Worthington Welcomes Envoys From Japan

Worthington Welcomes Envoys From Japan

Vincent Eguakun

On September 24th a Japanese delegation visited Worthington. Worthington and the Japanese city of Sayama have been sister cities as a part of the Sister Cities International program. Worthington and Sayama have been in good relations since 1993, and the program is behind that. 


In the garage of the Old Worthington fire station in 1993, delegates from Sayama, Japan sipped tea. Japan was in search of a sister city at that time, so they visited many cities in Ohio including Worthington. The Sayama International friendship association (SIFA) sent a request to Worthington to be their friendship city. Worthington accepted as they created the Worthington International Friendship Association (WIFA). Representatives from Worthington visited Sayama in 1994 to bind this friendship. Five years later, in 1999, the two cities signed a sister city agreement. The bond of the two cities has grown tremendously in that time span.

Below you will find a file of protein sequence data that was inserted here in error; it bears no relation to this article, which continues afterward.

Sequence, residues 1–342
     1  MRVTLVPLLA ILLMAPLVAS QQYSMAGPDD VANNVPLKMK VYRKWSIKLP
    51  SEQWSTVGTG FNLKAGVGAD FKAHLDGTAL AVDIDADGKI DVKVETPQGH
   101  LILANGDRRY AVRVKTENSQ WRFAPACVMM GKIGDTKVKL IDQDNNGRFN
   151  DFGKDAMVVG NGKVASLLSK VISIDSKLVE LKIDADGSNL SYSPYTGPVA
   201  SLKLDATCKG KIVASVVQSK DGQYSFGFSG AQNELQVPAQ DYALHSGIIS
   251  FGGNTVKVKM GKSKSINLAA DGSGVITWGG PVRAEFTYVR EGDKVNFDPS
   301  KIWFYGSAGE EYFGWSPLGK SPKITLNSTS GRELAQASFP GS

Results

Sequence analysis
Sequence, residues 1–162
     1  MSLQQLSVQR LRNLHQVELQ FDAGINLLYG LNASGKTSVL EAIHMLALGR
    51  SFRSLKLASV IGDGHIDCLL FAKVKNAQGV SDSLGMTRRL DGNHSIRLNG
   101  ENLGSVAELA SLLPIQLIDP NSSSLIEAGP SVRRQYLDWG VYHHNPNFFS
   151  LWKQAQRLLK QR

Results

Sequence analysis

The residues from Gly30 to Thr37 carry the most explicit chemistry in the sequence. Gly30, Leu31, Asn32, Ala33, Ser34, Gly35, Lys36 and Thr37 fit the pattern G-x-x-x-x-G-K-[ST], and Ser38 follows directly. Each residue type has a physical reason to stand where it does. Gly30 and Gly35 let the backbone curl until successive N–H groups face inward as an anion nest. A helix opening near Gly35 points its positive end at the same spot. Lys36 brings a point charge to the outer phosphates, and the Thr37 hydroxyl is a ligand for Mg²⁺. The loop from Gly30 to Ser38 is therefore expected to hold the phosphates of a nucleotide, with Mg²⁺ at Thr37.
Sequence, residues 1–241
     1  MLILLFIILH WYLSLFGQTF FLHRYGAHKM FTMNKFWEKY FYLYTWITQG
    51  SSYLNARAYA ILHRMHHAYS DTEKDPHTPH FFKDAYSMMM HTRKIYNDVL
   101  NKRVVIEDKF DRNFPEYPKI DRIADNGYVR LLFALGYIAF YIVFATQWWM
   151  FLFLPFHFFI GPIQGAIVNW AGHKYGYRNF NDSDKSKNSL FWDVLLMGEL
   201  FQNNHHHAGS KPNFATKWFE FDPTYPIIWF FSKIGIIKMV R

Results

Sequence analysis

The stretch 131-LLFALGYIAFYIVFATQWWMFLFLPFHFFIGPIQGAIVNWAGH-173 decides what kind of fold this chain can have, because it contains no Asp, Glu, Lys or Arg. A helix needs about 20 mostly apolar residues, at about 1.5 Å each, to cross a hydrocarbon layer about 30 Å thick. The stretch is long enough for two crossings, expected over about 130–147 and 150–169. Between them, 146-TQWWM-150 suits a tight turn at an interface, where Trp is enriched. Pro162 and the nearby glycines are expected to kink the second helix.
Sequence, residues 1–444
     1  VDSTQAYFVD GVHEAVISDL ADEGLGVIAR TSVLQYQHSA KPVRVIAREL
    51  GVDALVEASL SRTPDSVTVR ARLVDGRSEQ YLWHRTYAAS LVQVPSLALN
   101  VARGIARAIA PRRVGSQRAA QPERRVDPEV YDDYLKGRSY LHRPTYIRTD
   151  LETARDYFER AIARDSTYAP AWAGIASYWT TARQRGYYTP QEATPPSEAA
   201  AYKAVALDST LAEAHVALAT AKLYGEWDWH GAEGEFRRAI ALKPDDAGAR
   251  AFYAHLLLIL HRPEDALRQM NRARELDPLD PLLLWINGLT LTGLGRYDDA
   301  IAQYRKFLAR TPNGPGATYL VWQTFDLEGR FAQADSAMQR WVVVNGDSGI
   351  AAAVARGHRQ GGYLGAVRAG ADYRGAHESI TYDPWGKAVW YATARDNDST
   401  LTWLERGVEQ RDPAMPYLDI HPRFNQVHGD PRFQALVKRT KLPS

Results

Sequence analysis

Since the binding of the two cities, citizens of both, including students, city officials, and youth athletes, have visited one another’s city. One year, Worthington sent a student from Worthington Kilbourne high school to Sayama to perform in a number of settings and to experience the culture of Sayama. The two cities frequently make cultural exchanges within the other’s communities.


The representatives from Sayama most recently visited Worthington this past month. The Japanese arrived on September 24th and stayed until September 29th. During those five days, the Japanese visited public buildings including schools and the fire station. On September 28th Worthington held a reception at the McConnell Arts Center for the delegation. Food was served and musical performances from Worthington Kilbourne’s singers and Thomas Worthington’s band highlighted the evening.